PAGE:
Skip to main content
ARS Home » Pacific West Area » Wapato, Washington » Temperate Tree Fruit and Vegetable Research » Research » Publications at this Location » Publication #377933

Research Project: New Technologies and Strategies to Manage the Changing Pest Complex on Temperate Fruit Trees

Location: Temperate Tree Fruit and Vegetable Research

Title: Host plant signal persistence in the gut of the brown marmorated stink bug, Halyomorpha halys

item HELPER, JAMES - Washington State University
item Cooper, William - Rodney
item BEERS, ELIZABETH - Washington State University

Submitted to: Environmental Entomology
Publication Type: Peer Reviewed Journal
Publication Acceptance Date: 10/20/2020
Publication Date: 12/2/2020
Citation: Helper, J., Cooper, W.R., Beers, E. 2020. Host plant signal persistence in the gut of the brown marmorated stink bug, Halyomorpha halys. Environmental Entomology. 50(1):202-207.

Interpretive Summary: Brown marmorated stink bug is an invasive pest of temperate tree fruits that is capable of feeding and developing upon a wide range of crop and non-crop hosts. This pest recently arrived in the agricultural regions of the Pacific Northwest where the majority of U.S. tree fruits are grown. The management of brown marmorated stink bug is challenging in part because of incomplete knowledge of which non-crop plants are used by the insect. Researchers at the USDA-ARS in Wapato, WA and Washington State University in Wenatchee, WA developed a method to detect plant DNA in the guts of brown marmorated stink bug, thereby allowing the researchers to determine which plants individual stink bugs fed upon prior to them being captured. The researchers found that the amount of plant DNA detected from the insects decreases after the insects are moved to a different host plant, but that the DNA can still be detected in the insect guts for at least 2 weeks. This method for molecular gut content analysis will be used by researchers to identify the dietary history of brown marmorated stink bugs captured in tree fruit orchards, which will allow them to create models that predict stink bug infestations and to develop landscape-level approaches to the management of this pest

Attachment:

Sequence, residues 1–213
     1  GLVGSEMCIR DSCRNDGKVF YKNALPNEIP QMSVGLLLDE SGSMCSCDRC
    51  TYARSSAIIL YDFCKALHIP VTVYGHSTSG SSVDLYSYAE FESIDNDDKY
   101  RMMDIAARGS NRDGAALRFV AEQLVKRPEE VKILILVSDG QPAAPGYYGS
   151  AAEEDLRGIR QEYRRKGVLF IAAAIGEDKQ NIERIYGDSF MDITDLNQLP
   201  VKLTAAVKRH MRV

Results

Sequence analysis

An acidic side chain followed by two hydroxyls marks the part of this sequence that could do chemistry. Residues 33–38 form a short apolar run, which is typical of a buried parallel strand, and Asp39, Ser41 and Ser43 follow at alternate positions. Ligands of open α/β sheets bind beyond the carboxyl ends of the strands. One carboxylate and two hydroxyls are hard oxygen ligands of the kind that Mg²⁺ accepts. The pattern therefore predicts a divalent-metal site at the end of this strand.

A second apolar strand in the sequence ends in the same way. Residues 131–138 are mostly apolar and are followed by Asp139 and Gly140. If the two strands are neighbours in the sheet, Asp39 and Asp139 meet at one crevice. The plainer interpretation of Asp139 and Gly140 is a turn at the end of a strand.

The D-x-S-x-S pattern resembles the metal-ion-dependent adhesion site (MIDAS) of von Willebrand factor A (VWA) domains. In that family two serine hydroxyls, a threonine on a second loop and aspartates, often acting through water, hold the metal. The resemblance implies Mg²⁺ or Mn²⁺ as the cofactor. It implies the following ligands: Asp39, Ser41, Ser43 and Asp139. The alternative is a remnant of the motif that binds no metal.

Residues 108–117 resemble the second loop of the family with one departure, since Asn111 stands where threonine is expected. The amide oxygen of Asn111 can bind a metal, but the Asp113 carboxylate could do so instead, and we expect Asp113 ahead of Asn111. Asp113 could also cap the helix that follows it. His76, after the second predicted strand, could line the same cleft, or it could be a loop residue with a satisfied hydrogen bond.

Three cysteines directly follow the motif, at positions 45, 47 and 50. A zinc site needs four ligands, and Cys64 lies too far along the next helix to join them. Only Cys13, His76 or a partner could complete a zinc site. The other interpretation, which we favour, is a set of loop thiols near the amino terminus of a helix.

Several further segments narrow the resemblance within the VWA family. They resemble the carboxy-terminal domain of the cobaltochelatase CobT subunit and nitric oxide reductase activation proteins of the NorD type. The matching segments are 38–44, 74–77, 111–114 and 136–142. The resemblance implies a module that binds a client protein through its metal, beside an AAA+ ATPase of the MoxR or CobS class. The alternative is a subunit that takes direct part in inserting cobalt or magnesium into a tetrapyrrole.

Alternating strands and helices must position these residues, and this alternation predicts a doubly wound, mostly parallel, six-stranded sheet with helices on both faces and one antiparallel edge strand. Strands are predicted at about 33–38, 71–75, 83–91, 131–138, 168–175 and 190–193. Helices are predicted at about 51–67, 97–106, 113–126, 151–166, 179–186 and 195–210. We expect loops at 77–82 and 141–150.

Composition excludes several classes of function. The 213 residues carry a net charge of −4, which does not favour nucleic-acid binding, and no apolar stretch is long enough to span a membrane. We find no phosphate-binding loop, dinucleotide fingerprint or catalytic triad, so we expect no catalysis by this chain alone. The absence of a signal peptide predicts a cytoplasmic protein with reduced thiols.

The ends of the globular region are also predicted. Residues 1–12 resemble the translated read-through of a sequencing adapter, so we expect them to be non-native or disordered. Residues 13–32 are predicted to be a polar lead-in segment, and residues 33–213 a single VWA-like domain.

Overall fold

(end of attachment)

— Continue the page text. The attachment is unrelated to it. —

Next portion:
Technical Abstract: Determining the host plant range of an invasive insect in a new environment is a key step in the development of a management strategy. As the brown marmorated stink bug, Halyomorpha halys Stål (Hemiptera: Pentatomidae), expands into agricultural regions of North America, efforts to elucidate its dietary habits on a landscape scale mostly rely upon intensive, season-long sampling of potential host plants. While this approach yields useful information, results can be biased towards plant species that are common and easily sampled; important hosts can be missed if sampling them is impractical or limited in scope. Here we lay the groundwork for the application of gut content analysis to determining the feeding ecology of H. halys by investigating the persistence of host plant DNA in the digestive tracts of insects with known feeding histories. Adult H. halys were fed lima bean plants (Phaseolus lunatus L.) for 7 days, followed by a forced host switch to carrot (Daucus carota L.). Insect guts were dissected out at 0, 1, 3, 7, and 14 days following the switch to carrot, and host plant chloroplast genes (trnF and trnL) were amplified via PCR. Amplicons were identified using high-throughput sequencing and analyzed for the persistence of Phaseolus DNA. The original host remained detectable at 3 days (trnF) and 14 days (trnL) in substantial quantities. The proportion of total reads identified as Phaseolus rapidly decreased with time; a concomitant increase in Daucus reads was observed. Our results indicate that high-throughput sequencing of gut contents has great potential for exploring the dietary histories of field-caught H. halys and other phytophagous insect pests